Asia

Malaysia’s hand-made incense craftwork a declining art

KUBANG SEMANG, Malaysia: Thousands of giant incense sticks, many decorated with dragon heads, line the walls at a Malaysian business where they are made by hand ahead of the Chinese New Year holiday.

In the rural town of Kubang Semang, workers spend months using a traditional method to craft the sticks – some as tall as 2m – before sending them to stores.

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Business is brisk ahead of Chinese New Year celebrations towards the end of this month, when people of Chinese descent worldwide burn incense in temples and at traditional ceremonies.

Malaysia is a Muslim-majority country but is home to a substantial ethnic Chinese population, and the holiday is marked in many places.

Workers spend months using a traditional method to craft the sticks — some as tall as two metres (6.5 feet) AFP/MOHD RASFAN

Ong Chin Chye, who runs the business in a series of wood and corrugated iron buildings, said his colourful hand-made sticks look a lot better than those churned out by machines.

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"With machines, can you make the dragon head like this?" the 60-year-old asked AFP, pointing to his intricately carved creations.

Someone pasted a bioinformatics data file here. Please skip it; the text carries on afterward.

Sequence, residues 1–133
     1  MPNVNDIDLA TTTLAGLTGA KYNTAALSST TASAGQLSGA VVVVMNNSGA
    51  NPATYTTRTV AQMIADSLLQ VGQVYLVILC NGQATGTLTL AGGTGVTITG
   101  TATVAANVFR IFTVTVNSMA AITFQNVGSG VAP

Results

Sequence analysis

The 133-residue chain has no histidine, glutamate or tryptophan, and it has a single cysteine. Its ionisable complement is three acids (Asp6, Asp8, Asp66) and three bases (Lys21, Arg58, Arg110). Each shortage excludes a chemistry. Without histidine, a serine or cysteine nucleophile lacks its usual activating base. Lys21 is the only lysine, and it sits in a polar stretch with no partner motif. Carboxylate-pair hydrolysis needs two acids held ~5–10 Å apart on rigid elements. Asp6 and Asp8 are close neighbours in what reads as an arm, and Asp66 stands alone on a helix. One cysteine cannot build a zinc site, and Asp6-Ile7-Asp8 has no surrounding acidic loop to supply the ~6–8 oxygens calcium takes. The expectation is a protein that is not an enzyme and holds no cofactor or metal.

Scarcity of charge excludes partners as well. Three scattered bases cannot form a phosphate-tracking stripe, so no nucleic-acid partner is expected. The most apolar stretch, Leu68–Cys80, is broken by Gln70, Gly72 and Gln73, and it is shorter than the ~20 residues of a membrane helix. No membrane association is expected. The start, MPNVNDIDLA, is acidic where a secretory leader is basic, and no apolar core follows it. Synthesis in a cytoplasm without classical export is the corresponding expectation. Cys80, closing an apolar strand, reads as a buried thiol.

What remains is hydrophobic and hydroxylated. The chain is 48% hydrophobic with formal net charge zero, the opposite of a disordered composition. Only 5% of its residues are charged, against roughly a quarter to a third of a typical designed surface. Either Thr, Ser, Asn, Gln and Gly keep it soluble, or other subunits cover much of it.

Ong's sticks are primarily made from sawdust, using a mix of locally-grown "meranti" timber – a common hardwood in Southeast Asia – and aromatic agarwood. These are combined with water to make a sticky paste that forms the sticks.

There are only around 30 incense-making businesses like his across Malaysia, as the industry has been declining in recent years AFP/MOHD RASFAN

The next 12 months will be the Year of the Rat – the first creature in the Chinese zodiac's 12-year cycle – but Ong said his buyers weren't keen on depictions of the whiskered rodent.

"People don't want rats. They steal food, and that's not good," he laughed.

The incense sticks are primarily made from sawdust, using a mix of locally-grown 'meranti' timber and aromatic agarwood AFP/MOHD RASFAN

On the other hand, dragons – also one of the zodiac animals – are ever-popular symbols of power, strength and good luck in Asian culture.

Ong said his sticks typically sell for between eight and 80 ringgit (US$2 to US$20) apiece, depending on qualRead More – Source

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